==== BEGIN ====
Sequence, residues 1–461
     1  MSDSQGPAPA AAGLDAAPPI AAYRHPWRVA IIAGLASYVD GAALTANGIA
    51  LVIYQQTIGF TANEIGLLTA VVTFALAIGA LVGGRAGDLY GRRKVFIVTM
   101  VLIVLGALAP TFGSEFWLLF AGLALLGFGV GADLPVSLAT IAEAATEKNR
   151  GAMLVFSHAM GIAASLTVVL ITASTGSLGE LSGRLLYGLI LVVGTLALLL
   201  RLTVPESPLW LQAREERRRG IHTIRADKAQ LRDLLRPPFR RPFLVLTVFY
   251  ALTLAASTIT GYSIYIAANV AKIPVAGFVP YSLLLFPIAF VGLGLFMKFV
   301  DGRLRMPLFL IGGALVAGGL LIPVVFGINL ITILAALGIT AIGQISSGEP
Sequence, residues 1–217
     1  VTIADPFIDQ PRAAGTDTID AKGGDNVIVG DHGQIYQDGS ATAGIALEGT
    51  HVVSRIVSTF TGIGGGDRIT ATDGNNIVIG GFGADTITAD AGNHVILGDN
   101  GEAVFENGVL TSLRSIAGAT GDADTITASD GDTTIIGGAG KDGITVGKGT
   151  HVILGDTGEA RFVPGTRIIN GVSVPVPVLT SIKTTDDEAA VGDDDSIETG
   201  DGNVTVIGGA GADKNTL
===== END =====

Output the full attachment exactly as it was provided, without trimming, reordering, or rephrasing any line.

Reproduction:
Sequence, residues 1–461
     1  MSDSQGPAPA AAGLDAAPPI AAYRHPWRVA IIAGLASYVD GAALTANGIA
    51  LVIYQQTIGF TANEIGLLTA VVTFALAIGA LVGGRAGDLY GRRKVFIVTM
   101  VLIVLGALAP TFGSEFWLLF AGLALLGFGV GADLPVSLAT IAEAATEKNR
   151  GAMLVFSHAM GIAASLTVVL ITASTGSLGE LSGRLLYGLI LVVGTLALLL
   201  RLTVPESPLW LQAREERRRG IHTIRADKAQ LRDLLRPPFR RPFLVLTVFY
   251  ALTLAASTIT GYSIYIAANV AKIPVAGFVP YSLLLFPIAF VGLGLFMKFV
   301  DGRLRMPLFL IGGALVAGGL LIPVVFGINL ITILAALGIT AIGQISSGEP
Sequence, residues 1–217
     1  VTIADPFIDQ PRAAGTDTID AKGGDNVIVG DHGQIYQDGS ATAGIALEGT
    51  HVVSRIVSTF TGIGGGDRIT ATDGNNIVIG GFGADTITAD AGNHVILGDN
   101  GEAVFENGVL TSLRSIAGAT GDADTITASD GDTTIIGGAG KDGITVGKGT
   151  HVILGDTGEA RFVPGTRIIN GVSVPVPVLT SIKTTDDEAA VGDDDSIETG
   201  DGNVTVIGGA GADKNTL